By Howard Gregory
A Reading from the Gospel of Matthew 25:1-13
1 “Then the kingdom of heaven will be like this. Ten young women took their lamps and went to meet the bridegroom. 2 Five of them were foolish, and five were wise. 3 When the foolish took their lamps, they took no oil with them, 4 but the wise took flasks of oil with their lamps. 5 As the bridegroom was delayed, all of them became drowsy and slept. 6 But at midnight there was a shout, ‘Look! Here is the bridegroom! Come out to meet him.’ 7 Then all those young women got up and trimmed their lamps. 8 The foolish said to the wise, ‘Give us some of your oil, for our lamps are going out.’ 9 But the wise replied, ‘No! there will not be enough for you and for us; you had better go to the dealers and buy some for yourselves.’ 10 And while they went to buy it, the bridegroom came, and those who were ready went with him into the wedding banquet, and the door was shut. 11 Later the other young women came also, saying, ‘Lord, lord, open to us.’ 12 But he replied, ‘Truly I tell you, I do not know you.’ 13 Keep awake, therefore, for you know neither the day nor the hour.”
A relative of mine arranged his travel plans for an overseas trip to include a Friday night flight after a long work day. He checked into the airport and waited to board. The next thing he knew the janitor was asking him to move his legs so that he could mop the area, as all flights had already departed and the airport was closing for the night.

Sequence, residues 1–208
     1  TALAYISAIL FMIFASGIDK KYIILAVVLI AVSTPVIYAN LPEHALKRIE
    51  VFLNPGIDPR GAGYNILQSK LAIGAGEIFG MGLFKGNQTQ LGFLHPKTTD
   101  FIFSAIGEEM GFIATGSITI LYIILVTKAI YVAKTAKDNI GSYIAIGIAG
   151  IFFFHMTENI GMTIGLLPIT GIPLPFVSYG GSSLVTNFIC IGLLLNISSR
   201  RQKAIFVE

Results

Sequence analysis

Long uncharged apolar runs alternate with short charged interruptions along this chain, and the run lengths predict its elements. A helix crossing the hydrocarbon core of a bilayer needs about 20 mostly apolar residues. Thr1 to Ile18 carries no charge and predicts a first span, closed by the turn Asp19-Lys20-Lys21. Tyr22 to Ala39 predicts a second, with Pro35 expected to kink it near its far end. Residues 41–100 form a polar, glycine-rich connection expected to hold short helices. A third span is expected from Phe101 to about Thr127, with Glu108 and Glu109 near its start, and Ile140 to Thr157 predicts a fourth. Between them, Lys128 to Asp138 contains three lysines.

Staying alert can be a major challenge for tired and weary souls and bodies.
Living in the “in-between time” in the face of challenges, persecutions, and hardships which they were facing, the early Christians began to feel weary, tired, and discouraged. It is against this background that St. Matthew recounts Jesus’ story of the “wise” and “foolish” maidens/attendants who were part of a groom’s party. Unprepared for the moment when their service was required, five of the ten were ill-prepared and found themselves excluded from the festivities.
There are times when the daily routine of life can make us feel like the exhausted passenger too tired to hear his flight announced. Reflecting on the wise and foolish maidens we may choose to consider the thoroughness with which we approach our discipleship and place of priority we give it in our lives. Additionally, as members of the body of Christ, each of us must exercise our responsibility for the wellbeing of the whole and not just relegate it to the leaders.
That all the attendants fell asleep may be a reminder to us that we all share certain things in common as Christians on our pilgrimage, including moments of weariness. It is divine grace, and our exercise of a life of spiritual discipline, which can sustain us.
Finally, the action of the bridegroom is a reminder that we cannot treat our relationship with our Lord lightly and carelessly. We are to be faithful and attentive to our spiritual life, the moral quality of our life, and to be advocates and agents of the righteousness and justice that give light to the world.
The Most Rev. Howard K. Gregory is Bishop of Jamaica and the Cayman Islands and Archbishop of the West Indies.
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